It was a week ago, June 27th, that Supreme Court Justice Anthony Kennedy announced his intent to retire at the end of the current term. The impending vacancy requires the president to nominate a candidate to replace the retiring justice. So, over the past week a couple of things have happened:

1) President Trump released a list of 25 possible candidates which was quickly reduced to a Top 5 and then cut further to a Top 3.

2) Many leading Democrats immediately put forth the ‘suggestion’ that the president not submit any candidates to Congress prior to the mid-term elections, after which they might have more seats — and more power to thwart approval of a conservative-leaning justice.

President Trump was less than intrigued by the Democrat’s suggestion and declared his intent to announce his nominee this coming Monday evening.

There are lots of ways to explain Trump’s victory over Hillary in the 2016 presidential election. Some of the explanations are sensible and some are rather silly. However, one thing you can pretty much take as Gospel is the idea that many Americans were of a mind that the Supreme Court had been tacking toward a more Progressive stance — one that was getting out of step with Main Street, USA.

It was obvious that the incoming president would have the opportunity to appoint one or more new Supremes. Consequently, a whole slew of Independents, Moderates, Conservatives and Libertarians, many of who would probably not even agree to have lunch with Trump, decided to vote for him. Nothing personal mind you, it was just a strategy move.

So, all that got me thinking about how the Left and the Right view the court differently.

The Right is quite pre-occupied with believing that the Founders thought long and hard about what they were doing and then went on to construct a document that would and could be, as much as possible, timeless. On the other hand, many on the Left tend to think that the Constitution can, and should, be constantly adjusted to contemporary desires of interpretation. Simply put, they think that the word of ‘those old guys’ is pretty much ‘old hat’. One might then ask (I did, and that’s why I’m writing this) is the old stuff really ‘old hat’ or can Jefferson’s thoughts remain reasonable when seen through the lens of today?

You might know that Thomas Jefferson had great appreciation for fine wine. He especially loved vintage Bordeaux – even collected it. So, it is fitting that we should decant a bit of his wisdom, take a sip and see: is it still drinkable…or has it turned to vinegar?

Over the years Jefferson developed a list of axioms for personal behavior. Some seem to have been of his own invention; others derived from classical or literary sources.

Jefferson’s most extensive list is the one he sent to Cornelia Jefferson Randolph, his granddaughter. I’m sure she would not object to you reading it as well.

A DOZEN CANONS OF CONDUCT IN LIFE
1. Never put off to tomorrow what you can do today.
2. Never trouble another with what you can do yourself.
3. Never spend your money before you have it.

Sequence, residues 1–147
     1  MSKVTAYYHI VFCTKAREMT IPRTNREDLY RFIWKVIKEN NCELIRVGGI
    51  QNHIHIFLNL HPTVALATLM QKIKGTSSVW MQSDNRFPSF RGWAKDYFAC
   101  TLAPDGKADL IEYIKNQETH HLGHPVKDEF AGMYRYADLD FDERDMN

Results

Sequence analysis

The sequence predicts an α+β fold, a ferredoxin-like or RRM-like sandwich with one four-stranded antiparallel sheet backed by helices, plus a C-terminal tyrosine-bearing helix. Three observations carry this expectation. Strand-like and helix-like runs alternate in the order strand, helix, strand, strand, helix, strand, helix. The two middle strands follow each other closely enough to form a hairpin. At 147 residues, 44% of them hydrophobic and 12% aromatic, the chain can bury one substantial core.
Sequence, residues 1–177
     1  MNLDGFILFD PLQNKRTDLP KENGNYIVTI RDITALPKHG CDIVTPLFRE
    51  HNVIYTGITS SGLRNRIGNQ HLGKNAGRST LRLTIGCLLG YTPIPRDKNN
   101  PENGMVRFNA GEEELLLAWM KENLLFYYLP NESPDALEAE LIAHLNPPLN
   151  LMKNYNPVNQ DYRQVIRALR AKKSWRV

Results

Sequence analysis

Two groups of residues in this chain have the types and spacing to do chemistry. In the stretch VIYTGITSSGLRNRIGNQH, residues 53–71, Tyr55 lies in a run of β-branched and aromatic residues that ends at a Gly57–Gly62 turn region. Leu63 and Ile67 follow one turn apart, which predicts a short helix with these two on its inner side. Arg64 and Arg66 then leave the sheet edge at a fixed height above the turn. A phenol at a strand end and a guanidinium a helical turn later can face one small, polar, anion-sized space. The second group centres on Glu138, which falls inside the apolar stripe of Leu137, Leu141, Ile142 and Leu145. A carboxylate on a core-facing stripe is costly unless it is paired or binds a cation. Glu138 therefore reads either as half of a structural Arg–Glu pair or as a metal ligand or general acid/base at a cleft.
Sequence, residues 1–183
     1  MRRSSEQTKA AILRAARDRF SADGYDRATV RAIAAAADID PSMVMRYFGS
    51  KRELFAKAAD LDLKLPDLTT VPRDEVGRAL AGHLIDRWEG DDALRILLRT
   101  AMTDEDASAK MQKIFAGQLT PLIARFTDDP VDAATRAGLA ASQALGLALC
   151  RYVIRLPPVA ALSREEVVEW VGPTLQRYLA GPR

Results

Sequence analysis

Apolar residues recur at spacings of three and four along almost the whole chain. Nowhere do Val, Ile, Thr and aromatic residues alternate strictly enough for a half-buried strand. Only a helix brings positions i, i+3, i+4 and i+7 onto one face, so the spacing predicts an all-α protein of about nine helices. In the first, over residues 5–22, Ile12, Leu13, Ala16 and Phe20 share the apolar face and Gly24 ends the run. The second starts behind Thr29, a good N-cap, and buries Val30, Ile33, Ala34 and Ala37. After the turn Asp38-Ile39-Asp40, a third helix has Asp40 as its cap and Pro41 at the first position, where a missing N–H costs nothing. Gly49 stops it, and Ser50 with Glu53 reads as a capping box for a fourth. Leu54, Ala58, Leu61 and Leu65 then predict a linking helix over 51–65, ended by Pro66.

4. Never buy a thing you do not want merely because it is cheap, it will never be dear to you.
5. Take care of your cents: Dollars will take care of themselves!
6. Pride costs us more than hunger, thirst and cold.
7. We never repent of having eat[en] too little.
8. Nothing is troublesome that one does willingly.
9. How much pain have cost us the evils which have never happen.
10. Take things always by their smooth handle.
11. Think as you please, and so let others, and you will have no disputes.
12. When angry, count 10 before you speak; if very angry, 100.

I read through this list several times and tried to find something, anything, that would not be useful advice today. Sure, we might change some of the wording but the ideas seem as valid today as the day they were written. I would hope that each of us, regardless of our political stripes, would agree.

Market Minute 7/6/2018 – 4th of July Week 2018 – A Weak Week

As usual, market players were notably absent during this Holiday week. The low volume of actions in the markets tend to make any action less meaningful and moves that appear to be caused by headline noise (such as trade ‘war’ rhetoric) seem perhaps stronger than are warranted. I continue to make a bullish case for markets as the more aggressive areas of the Nasdaq* and Russell* (smallcaps) had a decent week. Next week will be more indicative of what’s actually going on. Enjoy your weekend.

Ronald P. Denk, CFP®
Investment Advisor
Denk Strategic Wealth Partners
10000 N. 31st Avenue, Suite C-262
Phoenix, AZ 85051
Phone (602) 252-8700
Fax (602) 252-8701
Toll-Free (877) The-Denk
www.denkinvest.com

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*The indices are representative of domestic markets and include the average performance of groups of widely held common stocks. Individuals cannot invest directly in any index and unlike investments, indices do not incur management fees, charges, or expenses, therefore specific index returns will be higher. Past performance is not indicative of future results.

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